May 21, 2022 News
… Govt.’s current approach not in keeping with best practice
Kaieteur News – The PPP/C Government has since transferred over $40B in oil earnings from the Natural Resource Fund to the Consolidated Fund so that it can support several projects outlined in the 2022 budget. As a result of the oil money being lumped with revenues from other sectors, there is no way of tracing which projects it is going to.
International Energy Analyst, Arthur Deakin is of the belief that such an approach is not in keeping with best practices. He believes Guyanese ought to know exactly what projects their oil money is being spent on in the interest of transparency and accountability.
This observation was noted by the Co-Director of the Energy Programme at Americas Market Intelligence (AMI) when he appeared on the Kaieteur Radio’s show Guyana’s Oil and You on Thursday evening. The analyst, who has vast insight into the energy sector, particularly in the Americas, advised that Guyana should consider increased oversight mechanisms so that it safeguards all opportunities for proper development through its oil wealth.
Deakin said that based on the information relating to the NRF, there appears to be no mechanism defining the spending from the NRF by line item. As such, the country may know what amount is being transferred from the NRF but has no information on exactly how those sums are spent and who would have received same. The analyst highlighted that this mechanism of spending is “concerning and should not be the case” when it comes to spending money from Sovereign wealth for Natural Resource Funds. Deakin noted that this trend is not unique to Guyana but is seen happening across different countries for example in the Middle East and other oil producing States where there are shell companies for instance, that allow for discretion in the way monies are spent.
“But this is concerning,” Deakin reiterated. “If it goes through a consolidated budget it should be clearly defined what those funds are going towards and what they are being used for. If not, it opens room for discretionary spending that there is just no way to know where that money is going.” Additionally, “I still haven’t seen any type of programme or structure looking at the amount that is spent from the NRF detailed line by line. It is known what is going to be spent this year, “but we don’t know exactly where those funds are going and who is getting those funds.” When it comes to transparency, “… this is extremely important for the society to ask for,” Deakin submitted.
The energy analyst also noted a couple of avenues that citizens could use to further hold their government responsible when it comes to the spending of their oil sums. He said citizens must use the electoral process to keep their leaders in line. Deakin said going out to vote and holding politicians accountable via presidential elections as well as municipal and regional elections is critical. “That’s the best way to hold your politicians accountable and responsible for their actions and words.”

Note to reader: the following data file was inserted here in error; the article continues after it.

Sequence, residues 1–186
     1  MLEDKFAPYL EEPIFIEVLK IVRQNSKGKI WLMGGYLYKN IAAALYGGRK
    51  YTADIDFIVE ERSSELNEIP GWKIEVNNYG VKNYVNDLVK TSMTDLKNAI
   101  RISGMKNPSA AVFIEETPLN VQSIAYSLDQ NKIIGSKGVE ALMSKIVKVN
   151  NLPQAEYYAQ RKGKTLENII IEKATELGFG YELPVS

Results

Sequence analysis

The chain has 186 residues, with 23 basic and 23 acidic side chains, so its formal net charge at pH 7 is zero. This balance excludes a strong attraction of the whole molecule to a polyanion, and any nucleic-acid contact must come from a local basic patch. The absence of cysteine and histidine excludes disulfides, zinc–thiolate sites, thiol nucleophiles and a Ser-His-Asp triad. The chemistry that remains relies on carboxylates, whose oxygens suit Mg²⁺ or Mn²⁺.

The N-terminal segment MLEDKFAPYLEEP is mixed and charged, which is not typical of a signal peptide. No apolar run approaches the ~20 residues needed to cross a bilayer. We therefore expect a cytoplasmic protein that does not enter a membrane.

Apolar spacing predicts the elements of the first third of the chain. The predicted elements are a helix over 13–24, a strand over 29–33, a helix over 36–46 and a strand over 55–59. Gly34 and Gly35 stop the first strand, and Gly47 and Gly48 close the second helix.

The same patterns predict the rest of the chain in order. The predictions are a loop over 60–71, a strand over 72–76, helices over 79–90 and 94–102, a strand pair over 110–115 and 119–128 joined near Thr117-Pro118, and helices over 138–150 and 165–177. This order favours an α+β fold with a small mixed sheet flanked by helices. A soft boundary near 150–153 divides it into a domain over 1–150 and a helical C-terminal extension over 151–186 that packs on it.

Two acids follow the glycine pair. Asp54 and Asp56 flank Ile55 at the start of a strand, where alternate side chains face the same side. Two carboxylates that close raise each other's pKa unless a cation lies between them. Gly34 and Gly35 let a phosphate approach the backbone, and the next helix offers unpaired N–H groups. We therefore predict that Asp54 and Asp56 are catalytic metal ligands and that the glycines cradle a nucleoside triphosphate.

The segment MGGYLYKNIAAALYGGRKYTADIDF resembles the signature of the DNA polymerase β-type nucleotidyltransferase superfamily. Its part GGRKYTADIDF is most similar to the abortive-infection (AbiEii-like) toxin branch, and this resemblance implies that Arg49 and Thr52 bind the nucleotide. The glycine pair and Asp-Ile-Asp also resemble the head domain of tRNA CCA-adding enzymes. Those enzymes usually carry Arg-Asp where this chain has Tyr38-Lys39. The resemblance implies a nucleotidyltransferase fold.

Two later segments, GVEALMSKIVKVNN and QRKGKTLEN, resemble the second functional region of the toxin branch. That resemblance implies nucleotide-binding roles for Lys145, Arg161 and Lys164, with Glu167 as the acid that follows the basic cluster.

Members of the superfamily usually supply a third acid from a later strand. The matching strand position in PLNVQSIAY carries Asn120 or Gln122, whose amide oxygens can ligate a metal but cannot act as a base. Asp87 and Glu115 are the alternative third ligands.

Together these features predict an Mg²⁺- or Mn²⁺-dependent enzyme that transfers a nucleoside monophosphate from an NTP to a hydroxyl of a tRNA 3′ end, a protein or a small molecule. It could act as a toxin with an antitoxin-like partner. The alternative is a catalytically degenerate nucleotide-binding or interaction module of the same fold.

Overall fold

Furthermore, Deakin reiterated the need for a “third party task force or team” to observe the movement of oil sums and ensure that it is being spent accordingly. This team, Deakin suggested, could be made up of the private sector, some government officials and other relevant stakeholders, “whose sole responsibility is to make sure that the NRF is being spent transparently and the funds are held accountable.” Until there is something like that, Deakin opined that Guyana will still lack the transparency that is needed. Currently, the NRF has an accountability team but it is made up of mostly government selected persons either directly or indirectly. “So, that’s going against the purpose of accountability,” Deakin pointed out. He said those are important things that civil society can demand in moving forward.
Senior Minister with responsibility for Finance, Ashni Singh, announced last week that the government made its first withdrawal from the NRF to the tune of US$200M or G$41.7 billion. As part of the Budget 2022 process, parliamentary approval was also granted for a total of more than US$600 million, almost the total amount currently in the Fund, to be transferred to the Consolidated Fund during the fiscal year 2022. The sums, it was noted, will be used to complement the financing of several budgetary projects of an infrastructural nature among others.
In Guyana’s budgetary process, spending is examined by line item and these would receive approval. However, the bulking of the oil related monies in the budget would not allow for the specific identification or tracking of the oil money. As such, there is no separation of oil funds from other revenue sources that make up the budget. This year’s budgeted sum totals a massive $553B.
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